January 11, 2007

If TV is dying, why are people buying large screenTV's?

If television is dying, why are people
• Watching and interacting with programs like American Idol?
• Buying large screen sets as though they were donuts?
• Paying triple digit cable subscription rates?
• Buying DVD’s of entire season episodes for top shows?
• Paying big bucks for rights to transmit TV shows the Internet and Mobile phones?
• Still having Super Bowl and Academy Award parties?
• DVR’ing shows so they don’t miss them?
• So interested in what the Donald, Rosie and Barbara Wawa have to say?
• Add your own thoughts:

Monetizing Media Audiences

How to Make Money from Advertising

Advertising is how we move customers and prospects along the purchase spectrum, from no awareness of our product or service to awareness, preference, intent to purchase, purchase and repurchase.

1. The key to media selling and buying is audience. Without it, advertising is the sound of one hand clapping.

Start your ad sales planning (and pitch) with audience. Who is your audience, how is it measured, what are their characteristics, where do they live, etc. The more you can tell advertisers and media buyers about your audience, in a documentable manner (i.e., measured by a trusted source such as Nielsen), the more likely you are to succeed in the monetization of that audience.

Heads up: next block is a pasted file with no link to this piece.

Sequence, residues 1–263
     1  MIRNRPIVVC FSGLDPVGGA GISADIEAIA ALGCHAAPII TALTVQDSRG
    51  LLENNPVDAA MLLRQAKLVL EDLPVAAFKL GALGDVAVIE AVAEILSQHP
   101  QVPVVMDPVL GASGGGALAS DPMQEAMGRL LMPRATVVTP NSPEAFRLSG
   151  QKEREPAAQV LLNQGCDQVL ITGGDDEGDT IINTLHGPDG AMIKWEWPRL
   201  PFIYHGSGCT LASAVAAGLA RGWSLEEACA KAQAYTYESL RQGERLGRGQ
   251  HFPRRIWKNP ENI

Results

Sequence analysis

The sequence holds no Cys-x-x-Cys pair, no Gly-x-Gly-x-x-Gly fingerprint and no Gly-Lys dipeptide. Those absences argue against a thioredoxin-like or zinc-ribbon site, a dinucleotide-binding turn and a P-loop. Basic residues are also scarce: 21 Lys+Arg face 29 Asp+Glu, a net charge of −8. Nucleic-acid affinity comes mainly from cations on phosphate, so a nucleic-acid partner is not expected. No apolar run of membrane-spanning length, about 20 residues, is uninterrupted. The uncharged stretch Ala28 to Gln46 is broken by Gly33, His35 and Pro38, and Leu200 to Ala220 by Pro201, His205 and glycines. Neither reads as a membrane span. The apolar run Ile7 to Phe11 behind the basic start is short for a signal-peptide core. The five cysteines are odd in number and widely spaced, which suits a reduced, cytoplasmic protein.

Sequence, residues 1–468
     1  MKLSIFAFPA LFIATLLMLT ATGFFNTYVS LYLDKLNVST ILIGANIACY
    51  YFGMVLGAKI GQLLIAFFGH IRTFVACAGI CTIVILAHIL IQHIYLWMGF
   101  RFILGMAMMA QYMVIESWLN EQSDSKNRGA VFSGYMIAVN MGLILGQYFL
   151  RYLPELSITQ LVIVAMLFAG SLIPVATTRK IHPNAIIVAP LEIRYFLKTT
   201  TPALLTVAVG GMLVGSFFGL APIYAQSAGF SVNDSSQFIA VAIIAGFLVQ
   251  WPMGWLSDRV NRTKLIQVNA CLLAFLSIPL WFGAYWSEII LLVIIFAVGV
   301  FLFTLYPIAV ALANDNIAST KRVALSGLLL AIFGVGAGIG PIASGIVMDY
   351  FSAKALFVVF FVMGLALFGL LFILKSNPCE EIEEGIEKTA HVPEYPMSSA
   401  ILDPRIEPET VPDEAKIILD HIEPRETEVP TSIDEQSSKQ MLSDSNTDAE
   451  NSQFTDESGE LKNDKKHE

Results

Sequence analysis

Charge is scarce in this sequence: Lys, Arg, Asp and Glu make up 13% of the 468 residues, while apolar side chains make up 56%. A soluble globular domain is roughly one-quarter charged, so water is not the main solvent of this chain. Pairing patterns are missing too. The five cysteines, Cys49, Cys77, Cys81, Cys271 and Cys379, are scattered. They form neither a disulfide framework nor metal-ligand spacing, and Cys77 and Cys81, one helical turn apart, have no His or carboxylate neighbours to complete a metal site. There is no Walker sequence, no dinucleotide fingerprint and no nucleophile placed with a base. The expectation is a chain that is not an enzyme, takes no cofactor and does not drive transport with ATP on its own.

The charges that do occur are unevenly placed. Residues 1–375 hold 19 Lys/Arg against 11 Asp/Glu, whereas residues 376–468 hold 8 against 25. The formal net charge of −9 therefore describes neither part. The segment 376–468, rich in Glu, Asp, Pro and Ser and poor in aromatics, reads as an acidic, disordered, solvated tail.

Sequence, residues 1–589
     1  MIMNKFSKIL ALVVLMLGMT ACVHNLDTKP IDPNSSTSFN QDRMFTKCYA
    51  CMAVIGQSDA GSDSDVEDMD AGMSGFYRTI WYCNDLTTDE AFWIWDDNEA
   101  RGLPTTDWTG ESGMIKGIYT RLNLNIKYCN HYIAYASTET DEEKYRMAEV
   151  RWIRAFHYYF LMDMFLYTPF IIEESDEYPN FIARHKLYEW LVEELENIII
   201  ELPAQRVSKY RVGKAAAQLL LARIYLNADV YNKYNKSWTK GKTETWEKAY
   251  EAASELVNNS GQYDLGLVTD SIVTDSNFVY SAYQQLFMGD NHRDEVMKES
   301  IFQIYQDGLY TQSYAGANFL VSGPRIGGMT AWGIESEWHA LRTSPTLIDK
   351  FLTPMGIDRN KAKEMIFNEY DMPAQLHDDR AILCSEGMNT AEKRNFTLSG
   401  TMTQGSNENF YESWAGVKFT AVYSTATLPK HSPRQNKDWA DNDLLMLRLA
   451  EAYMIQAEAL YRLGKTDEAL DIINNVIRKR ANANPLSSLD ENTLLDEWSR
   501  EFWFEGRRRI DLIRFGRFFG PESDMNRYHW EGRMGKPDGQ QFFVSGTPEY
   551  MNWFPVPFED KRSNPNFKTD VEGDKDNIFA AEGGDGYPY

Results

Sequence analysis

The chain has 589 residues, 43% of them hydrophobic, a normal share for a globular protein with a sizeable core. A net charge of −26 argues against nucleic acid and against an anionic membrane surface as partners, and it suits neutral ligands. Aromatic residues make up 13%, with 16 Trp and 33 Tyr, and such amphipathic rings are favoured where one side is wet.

2. Next is the likelihood of the ad being seen and possibly acted upon. This can be measured and dimensioned by such ‘soft’ measures as ‘engagement’ (attentiveness, involvement) or hard measures such as recall.

Most advertising sales are of potential ‘impressions’ or ‘opportunities to see’ rather than proved actual exposures. The closer you can come to being able to ensure an actual and documentable ad exposure, the more valuable the media position.

One extreme in this consideration spectrum is a controlled circulation magazine that is sent free to an audience. This sort of publication must be able to prove real readership or risk being completely discounted by intelligent media buyers.

Another extreme is an ad feature is a live update in a sports event such as an auto race or football game that is highly likely to be viewed by the involved viewing enthusiast.

3. The price of the audience, usually dimensioned in cost per thousand or cost per target rating point, is the next key variable in media buying and selling. The right ad rate for a given media property is determined by a reasonably open marketplace in which media buyers and advertisers can weigh your media offerings vs. others they consider comparable.

All other things being equal, two NFL Football games or two highly rated primetime original TV programs telecast in the same time periods on different TV networks are likely to earn the same ad rates.
But ‘all other things’ are rarely equal in the real world. And many media offerings must compete for consideration with ad positions in completely different media; e.g., internet streaming video vs. network television. In this specific case, my point of view is that an intelligent media buyer and/or advertiser would equate these two offerings because they’re both television, just delivered by different distribution methods.